On the Ledge is a podcast on a heroic mission: “saving the world’s houseplants, one episode at a time.” Jane Perrone, a journalist and gardener, hosts the show and runs its corresponding blog. Readers will find both the podcast and blog at the link above. Recent podcast episodes discuss terrariums (see Episode 149) and terrestrial ecology (see Episode 148), while the most recent blog posts cover rare houseplant varieties and picking the perfect gift for friends or family who love gardening. Novice horticulturalists may especially enjoy the show’s site, as it has a series of episodes designed with newcomers in mind. The page linked above houses a list of curated episode guides such as “Complete Beginners, Start Here…” and “Hints, Tips, Questions, and Answers.” Experienced horticulturalists may enjoy some of the episode guides that follow, sorted by species (e.g. “flowering houseplants” and “succulents and cacti”) and topic (e.g. “sustainability” and “houseplant styling”). Of course, listeners are always welcome to binge all the episodes (find the more than 150 episodes on most major podcast platforms). [EMB]
The Native Plant Podcast
Rooted in a friendship initiated at the Cullowhee Native Plant Conference, The Native Plant Podcast has been enlightening listeners with all things conservation and vegetation since 2016. The show has grown to have a significant following, including winning a 2019 GardenComm Media Awards Silver Medal. The trio of hosts invite a variety of guests on their show (from ecotourism experts to palynology professors) to discuss relevant research and explore numerous plant-related questions. Curious how hip hop can serve as a platform for horticulture? Check out “Hip Hop Forestry” (July 11, 2019). Wondering the purpose of controlled burns? Tune in to “Scientists are burning the woods… and no one knows why!” (July 13, 2020). The show has 5 seasons and nearly 100 episodes. Readers can find all of these installments on the Archive page (categorized chronologically), as well as on Apple Podcasts. [EMB]
Plants and Pipettes Podcast
Since its feature in the 09-27-2019 Scout Report, Plants and Pipettes continues to release weekly episodes on everything from “intersectional feminism in academia,” (see the July 31, 2020 episode) to “self-drilling seeds,” (see the July 17, 2020 episode).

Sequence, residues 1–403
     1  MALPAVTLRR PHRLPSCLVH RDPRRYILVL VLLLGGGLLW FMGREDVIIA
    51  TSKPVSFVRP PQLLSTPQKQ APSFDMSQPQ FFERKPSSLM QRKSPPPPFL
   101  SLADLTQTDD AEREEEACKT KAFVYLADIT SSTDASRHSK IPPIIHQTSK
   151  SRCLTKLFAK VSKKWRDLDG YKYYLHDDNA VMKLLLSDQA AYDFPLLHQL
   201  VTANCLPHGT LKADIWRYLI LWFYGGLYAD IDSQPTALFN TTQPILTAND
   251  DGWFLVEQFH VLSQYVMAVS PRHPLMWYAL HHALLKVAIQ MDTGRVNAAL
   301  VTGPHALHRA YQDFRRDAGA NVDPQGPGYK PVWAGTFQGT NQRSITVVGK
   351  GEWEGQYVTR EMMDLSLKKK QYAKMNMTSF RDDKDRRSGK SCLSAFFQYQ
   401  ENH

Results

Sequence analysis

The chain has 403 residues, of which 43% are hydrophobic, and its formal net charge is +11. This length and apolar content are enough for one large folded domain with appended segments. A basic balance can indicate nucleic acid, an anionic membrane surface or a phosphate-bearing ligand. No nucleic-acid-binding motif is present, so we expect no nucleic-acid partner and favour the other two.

Readers curious about the world of scientific research, particularly molecular plant biology, may want to check out Plants and Pipettes. First launched in February 2019, this delightfully quirky podcast is the work of Joram Schwartzmann and Tegan Armarego-Marriott, who are respectively a PhD student and a postdoc at the Max Planck Institute of Molecular Plant Physiology in Potsdam, Germany. In each episode, Tegan and Joram take turns explaining and breaking down a recent scientific paper, translating the jargon into approachable language that general audiences can more easily grasp. Each episode also features the podcasters’ favorite plant of the week, and they frequently discuss other aspects of research and academic publishing, as well as scientific news and fun cat facts. Episodes vary in length, but most are around an hour long. Those interested can stream and download episodes of Plants and Pipettes at the link above, and the podcast is also available via platforms such as Apple Podcasts. Readers should also check out the rest of the Plants and Pipettes website, where they will find engagingly written blog posts (found under Articles) as well as a short Glossary of scientific terms (found at the bottom).
From the September 11, 2020 issue of the Scout Report. Read the full issue here. Copyright © 2017 Internet Scout Research Group